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New twist arises in ownership of once-sunken tugboat
The sticky situation surrounding the ownership of the troubled tugboat “Chickamauga” is only getting worse.
The suspected owner of the damaged vessel is now reportedly claiming the boat is the property of his as-yet-unidentified ex-wife.
Authorities have been struggling to identify the actual owner of the nearly century-old tug after it sank in its mooring Oct. 2 at the Eagle Harbor Marina.
The neglected boat leaked oil and fuel into the harbor as it sank and caused a frantic pollution-control effort that involved four different groups of responders and ultimately resulted in a price tag of $150,000 in cleanup costs.
Anthony Smith, who is reportedly currently in Alaska and who has not yet responded to any calls from the marina about his vessel sinking, was confirmed as the owner of the boat by harbormaster Doug Crow.
Crow maintains that inconsistencies in the vessel’s paperwork have now made it impossible to be certain of even the basic fact of the tug’s ownership.
The issue has then been turned over to the marina’s lawyers, Crow said.
“The boat’s documentation expired in 2010,” Crow said.
“The owner, or alleged owner — he claims the boat is owned by his ex-wife. Maybe he’s trying to create a foggy situation so nobody can go after him,” Crow said.
“The only person he’s responded to has been the [state] surveyor,” he said.
A Coast Guard spokesman from the Incident Management Division said the boat is no longer an environmental hazard.
Even so, there remains the question of who exactly is responsible for the money spent on the clean-up effort.
The $150,000 in clean-up costs have been financed by money available through the Oil Spill Liability Trust Fund, which exists for just such incidents and is itself funded through a tax placed on every barrel of oil sold in the country, said Coast Guard spokesman Mike Sarniak.
Due to legal issues surrounding the ownership of the boat, the Coast Guard contractor was unable to move the derelict vessel.
The Eagle Harbor Marina is anxious to have the tug removed.
“Every day I work on that [removal],” Crow said. “Every day I work on that a lot.”
Whether the boat is no longer the property of Smith — or it is and he did not correctly update the vessel’s paperwork — the question of legal ownership is enough to keep the boat stuck where it is and mired in a legal quandary.
“He filled out the information as if he were the owner,” Crow said of Smith. “He said it to me when he came in. In that sense I think he is [the owner].”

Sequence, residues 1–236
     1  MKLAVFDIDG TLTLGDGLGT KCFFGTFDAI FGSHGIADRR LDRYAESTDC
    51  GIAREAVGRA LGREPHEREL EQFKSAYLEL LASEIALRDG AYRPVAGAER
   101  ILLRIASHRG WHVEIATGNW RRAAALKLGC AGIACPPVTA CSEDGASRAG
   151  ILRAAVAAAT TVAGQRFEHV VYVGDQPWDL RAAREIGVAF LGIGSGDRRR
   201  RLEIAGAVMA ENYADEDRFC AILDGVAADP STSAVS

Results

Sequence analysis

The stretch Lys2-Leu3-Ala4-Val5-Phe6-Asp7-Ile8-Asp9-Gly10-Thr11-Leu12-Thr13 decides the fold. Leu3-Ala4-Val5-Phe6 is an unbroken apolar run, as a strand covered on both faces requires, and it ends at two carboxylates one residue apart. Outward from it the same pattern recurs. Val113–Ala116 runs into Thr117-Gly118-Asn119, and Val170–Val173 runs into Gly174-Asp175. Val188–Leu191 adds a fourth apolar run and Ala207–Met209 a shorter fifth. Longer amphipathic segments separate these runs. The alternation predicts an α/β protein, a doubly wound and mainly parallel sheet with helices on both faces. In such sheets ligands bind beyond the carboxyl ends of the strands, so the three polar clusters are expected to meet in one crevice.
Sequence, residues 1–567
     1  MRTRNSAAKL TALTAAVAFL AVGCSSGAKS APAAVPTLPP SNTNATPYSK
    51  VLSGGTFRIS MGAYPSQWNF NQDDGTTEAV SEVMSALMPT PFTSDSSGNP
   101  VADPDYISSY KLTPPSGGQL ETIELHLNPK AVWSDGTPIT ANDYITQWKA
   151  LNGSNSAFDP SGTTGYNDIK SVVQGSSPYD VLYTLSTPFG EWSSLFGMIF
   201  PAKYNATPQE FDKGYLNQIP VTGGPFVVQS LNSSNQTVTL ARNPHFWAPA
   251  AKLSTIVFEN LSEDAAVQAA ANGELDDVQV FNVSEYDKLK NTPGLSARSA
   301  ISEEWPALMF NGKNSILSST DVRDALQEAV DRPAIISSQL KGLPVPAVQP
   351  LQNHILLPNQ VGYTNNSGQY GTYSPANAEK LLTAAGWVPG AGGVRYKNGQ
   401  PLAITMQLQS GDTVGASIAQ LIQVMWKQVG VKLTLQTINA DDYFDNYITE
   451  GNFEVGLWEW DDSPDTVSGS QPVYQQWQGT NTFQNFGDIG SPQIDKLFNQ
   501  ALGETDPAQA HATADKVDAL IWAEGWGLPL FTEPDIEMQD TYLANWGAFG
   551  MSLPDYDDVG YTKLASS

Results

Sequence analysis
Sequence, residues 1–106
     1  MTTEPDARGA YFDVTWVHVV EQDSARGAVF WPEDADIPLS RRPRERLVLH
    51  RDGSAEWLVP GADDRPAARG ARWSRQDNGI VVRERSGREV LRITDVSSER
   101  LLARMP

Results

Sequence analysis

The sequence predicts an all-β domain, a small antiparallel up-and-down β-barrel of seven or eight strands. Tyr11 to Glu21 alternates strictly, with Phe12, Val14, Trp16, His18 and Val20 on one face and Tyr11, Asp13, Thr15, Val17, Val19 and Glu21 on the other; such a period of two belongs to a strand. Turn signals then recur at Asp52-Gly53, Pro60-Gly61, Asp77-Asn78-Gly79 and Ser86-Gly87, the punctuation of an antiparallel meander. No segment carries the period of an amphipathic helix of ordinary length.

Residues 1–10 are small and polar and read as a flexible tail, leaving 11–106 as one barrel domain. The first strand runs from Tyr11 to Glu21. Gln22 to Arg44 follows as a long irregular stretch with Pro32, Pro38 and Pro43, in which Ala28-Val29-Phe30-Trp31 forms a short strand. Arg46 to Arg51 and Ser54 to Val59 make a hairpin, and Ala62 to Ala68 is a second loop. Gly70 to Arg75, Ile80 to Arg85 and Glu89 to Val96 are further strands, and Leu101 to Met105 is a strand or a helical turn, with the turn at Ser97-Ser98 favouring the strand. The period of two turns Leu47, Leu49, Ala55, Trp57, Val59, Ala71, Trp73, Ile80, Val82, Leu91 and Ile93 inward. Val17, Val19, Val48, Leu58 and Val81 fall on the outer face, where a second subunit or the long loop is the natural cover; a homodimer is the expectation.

“We’ve called him and we’ve emailed him,” Crow added. “We’ve also tried to work with the state, but they are unable to search on their system if he can’t supply them with the [registration] number.”
Vessels are required to be registered with the state but that information does not have to be displayed on the boat itself, according to Crow.
“We’re just hanging in, trying to get a release so we can do something with that tug,” Crow said.
In light of these events, and several other such incidents in the state, the issue of the disposal of abandoned or derelict vessels has become the subject of discussion around Bainbridge.
The Washington State Department of Natural Resources initiated the Derelict Vessel Removal Program to help solve the worsening problem of abandoned boats in and around Washington’s many waterways.
The state maintains a list of problem vessels, organized by vessel identification and general location. The most current version of the list includes at least two boats on Bainbridge Island.
The state said that, as of November 2012, 254 vessels were listed on their state-wide removal list. Kitsap and San Juan counties also have the greatest number of derelict vessels in the state.
According to state officials, derelict and abandoned vessels are becoming increasingly common and can leak pollutants such as oil, diesel, gas and other hazardous substances.
Funding, however, can’t keep up with removal and disposal costs.
According to Crow, the aid offered by the program is not applicable to the current situation with the “Chickamauga.”
“The Derelict Vessel Program money is not available for private marinas,” Crow said. “The only way we would have access to those funds is if a public entity, like the city, agrees to take the boat and they can essentially trump out the owner.”
Crow said a city or other such public entity can take ownership of an apparently derelict vessel in 30 days, while a private marina can not do so for at least 90 days.
Once ownership is usurped, the marina would become responsible for any and all damage and expense caused by the vessel.
“It’s a major problem,” he said.